On Opening Day in 1907, the New York Giants faced off against the Phillies at New York City’s Polo Grounds after a heavy snowstorm. When the Giants fell behind, disgruntled fans began flinging snowballs onto the field, forcing the umpire to call a forfeit in the Phillies’ favor.
On the first day of the 1910 season,William Howard Taft became the first president to throw the ceremonial first pitch. Since then, every president besides Jimmy Carter and Donald Trump has thrown at least one ceremonial first ball for Opening Day, the All-Star Game or the World Series while in office.
Harry Truman was the only president to throw out left-handed and right-handed first pitches on Opening Day. He showcased his ambidextrous talents on April 18, 1950.
There has only been one no-hitter in Opening Day history. Cleveland pitcher Bob Feller, then just 21 years old, threw it against the Chicago White Sox at Comiskey Park on April 16, 1940.
Jackie Robinson broke the color barrier on Opening Day in 1947, becoming the first African American to play for a Major League team. The 28-year-old made his debut at Ebbets Field, playing first base for the Brooklyn Dodgers.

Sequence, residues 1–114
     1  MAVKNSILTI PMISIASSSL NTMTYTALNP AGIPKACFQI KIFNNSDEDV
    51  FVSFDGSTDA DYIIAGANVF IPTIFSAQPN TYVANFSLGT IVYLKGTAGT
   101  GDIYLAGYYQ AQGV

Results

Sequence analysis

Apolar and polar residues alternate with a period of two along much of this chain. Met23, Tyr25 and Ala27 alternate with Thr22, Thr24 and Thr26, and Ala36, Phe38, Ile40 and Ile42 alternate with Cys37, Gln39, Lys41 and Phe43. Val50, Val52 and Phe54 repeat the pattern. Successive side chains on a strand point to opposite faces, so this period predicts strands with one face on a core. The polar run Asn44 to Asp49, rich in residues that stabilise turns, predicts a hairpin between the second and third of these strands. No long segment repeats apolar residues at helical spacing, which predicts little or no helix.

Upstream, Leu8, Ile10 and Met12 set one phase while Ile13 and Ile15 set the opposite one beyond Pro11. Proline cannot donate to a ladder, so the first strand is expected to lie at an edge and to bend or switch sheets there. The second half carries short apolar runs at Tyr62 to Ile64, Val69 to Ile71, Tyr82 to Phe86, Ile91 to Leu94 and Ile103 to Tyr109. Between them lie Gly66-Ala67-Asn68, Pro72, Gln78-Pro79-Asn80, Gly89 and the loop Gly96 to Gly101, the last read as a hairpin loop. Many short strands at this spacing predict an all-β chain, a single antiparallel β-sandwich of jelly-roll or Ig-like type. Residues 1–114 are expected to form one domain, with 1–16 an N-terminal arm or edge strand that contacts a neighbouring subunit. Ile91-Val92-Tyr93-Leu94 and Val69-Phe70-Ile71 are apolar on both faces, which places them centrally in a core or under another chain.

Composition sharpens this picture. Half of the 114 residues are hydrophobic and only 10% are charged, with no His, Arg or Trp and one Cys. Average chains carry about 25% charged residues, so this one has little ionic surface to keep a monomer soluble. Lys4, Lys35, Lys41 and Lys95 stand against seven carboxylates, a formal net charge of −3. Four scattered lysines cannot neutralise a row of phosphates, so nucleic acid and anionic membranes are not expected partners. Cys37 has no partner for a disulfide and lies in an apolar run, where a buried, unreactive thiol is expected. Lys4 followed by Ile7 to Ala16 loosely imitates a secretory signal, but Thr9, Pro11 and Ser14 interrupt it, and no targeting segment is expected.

Hank Aaron of the Atlanta Braves hit his 714th home run on Opening Day in 1974, tying Babe Ruth for most career homers. He beat Ruth’s record later that week and reached 755 by the end of this career. Aaron’s record was not eclipsed until Barry Bonds hit his 756th home run in 2007.
On Opening Day in 1974, several naked fans rushed onto the field at Chicago’s Comiskey Park, disrupting the game and inciting violence in the stands.
Hall of Famer Tom Seaver has started the most Opening Day games in history—11 for the Mets, three for the Reds and two for the White Sox.
The longest game in Opening Day history took place at Progressive Field on April 5, 2012. The Cleveland Indians squandered a 4-1 lead to the Toronto Blue Jays, who went on to defeat Cleveland 7-4 in 16 innings.
Credit to History.com & Jugs Sports